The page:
Changing the System: Ferguson Judge Withdraws All Arrest Warrants Prior to 2015

| August 25, 2015 | 0 Comments

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Judge Donald McCullin has only been on the job for year but has done something historic already. Judge McCullin of Ferguson Municipal Court has withdrawn all arrest warrants that were in effect until December, 31st 2014. This allows defendants to have new court dates and alternative sentencing, thus in hopes reducing the discrepancy in prison rates of blacks living in Ferguson, Missouri.

The U.S. Justice Department released in March a review of the Ferguson Police Department, which found them guilty of engaging in a pattern and practice of discrimination against African-Americans. Black drivers were twice as likely to be searched by police than white drivers, while being 26% less likely to be found with any illegal good.

This also, and typically, included leveling petty crimes against the black community of Ferguson as 95% of crimes of walking in the street and 92% of disturbing the peace crimes were charged against blacks. Ferguson is about 66% percent African-American so for these small crimes to be close to 100% on one race does not sit very well with many.
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The issuing of these small fines usually results in warrants as those can charged can not afford to pay the fine. This clean sweep of warrants is said to, ‘…continue the process of restoring confidence in the court, alleviating fears of the consequences of appearing in court and giving many residents a fresh start’ said McCullin.

Other changes Judge McCullin has issued include: allowing drivers who receive arrest warrants for a minor traffic violation to be released on their own recognizance after getting a new court date and not being put in jail, restoring a defendant’s driver’s license if it had been suspended solely because of failure to appear in court or pay a fine. Such a case will continue to go through the court system, but the person will be allowed to drive until a final decision is handed down, and targeting a defendant’s tax refund if fines are determined to be justified and the person cannot pay.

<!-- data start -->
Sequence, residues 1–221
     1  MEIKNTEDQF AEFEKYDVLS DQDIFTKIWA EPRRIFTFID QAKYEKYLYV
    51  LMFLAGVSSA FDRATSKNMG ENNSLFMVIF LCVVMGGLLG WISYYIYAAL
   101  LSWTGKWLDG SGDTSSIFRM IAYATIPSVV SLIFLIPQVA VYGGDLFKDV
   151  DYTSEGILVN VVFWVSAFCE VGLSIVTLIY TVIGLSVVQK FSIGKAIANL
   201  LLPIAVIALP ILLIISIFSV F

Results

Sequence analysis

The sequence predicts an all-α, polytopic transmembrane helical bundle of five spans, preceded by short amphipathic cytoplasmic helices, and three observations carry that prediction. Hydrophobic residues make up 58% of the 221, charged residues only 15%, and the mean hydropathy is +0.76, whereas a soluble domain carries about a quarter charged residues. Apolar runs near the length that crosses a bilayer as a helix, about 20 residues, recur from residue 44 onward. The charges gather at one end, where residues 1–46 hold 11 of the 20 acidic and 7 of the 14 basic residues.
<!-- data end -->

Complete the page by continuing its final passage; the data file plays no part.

In an US Justice Department finding, while clearing Darrin Wilson of civil rights violations, they found that Ferguson officials were showing deference to non blacks when it came to issuing and excusing tickets:

  • In August 2013, an FPD patrol supervisor wrote an email entitled “Oops” to the Prosecuting Attorney regarding a ticket his relative received in another municipality for traveling 59 miles per hour in a 40 miles-per-hour zone, noting “[h]aving it dismissed would be a blessing.” The Prosecuting Attorney responded that the prosecutor of that other municipality promised to nolle pros the ticket. The supervisor responded with appreciation, noting that the dismissal “[c]ouldn’t have come at a better time.”
  • Also in August 2013, Ferguson’s Mayor emailed the Prosecuting Attorney about a parking ticket received by an employee of a non-profit day camp for which the Mayor sometimes volunteers. The Mayor wrote that the person “shouldn’t have left his car unattended there, but it was an honest mistake” and stated, “I would hate for him to have to pay for this, can you help?” The Prosecuting Attorney forwarded the email to the Court Clerk, instructing her to “NP [nolle prosequi, or not prosecute] this parking ticket.”
  • In November 2011, a court clerk received a request from a friend to “fix a parking ticket” received by the friend’s coworker’s wife. After the ticket was faxed to the clerk, she replied: “It’s gone baby!”
  • In March 2014, a friend of the Court Clerk’s relative emailed the Court Clerk with a scanned copy of a ticket asking if there was anything she could do to help. She responded: “Your ticket of $200 has magically disappeared!” Later, in June 2014, the same person emailed the Court Clerk regarding two tickets and asked: “Can you work your magic again? It would be deeply appreciated.” The Clerk later informed him one ticket had been dismissed and she was waiting to hear back about the second ticket.

The protests and demonstrations that have been sparked since murder of Mike Brown and the non-indictment of Darren Wilson played a large role in this. Hopefully this leads to other towns taking a closer look at the polices they enforce and who is being effected by them.

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Category: Crime Stories, Feature, Legal, Politics, Talk of the Town

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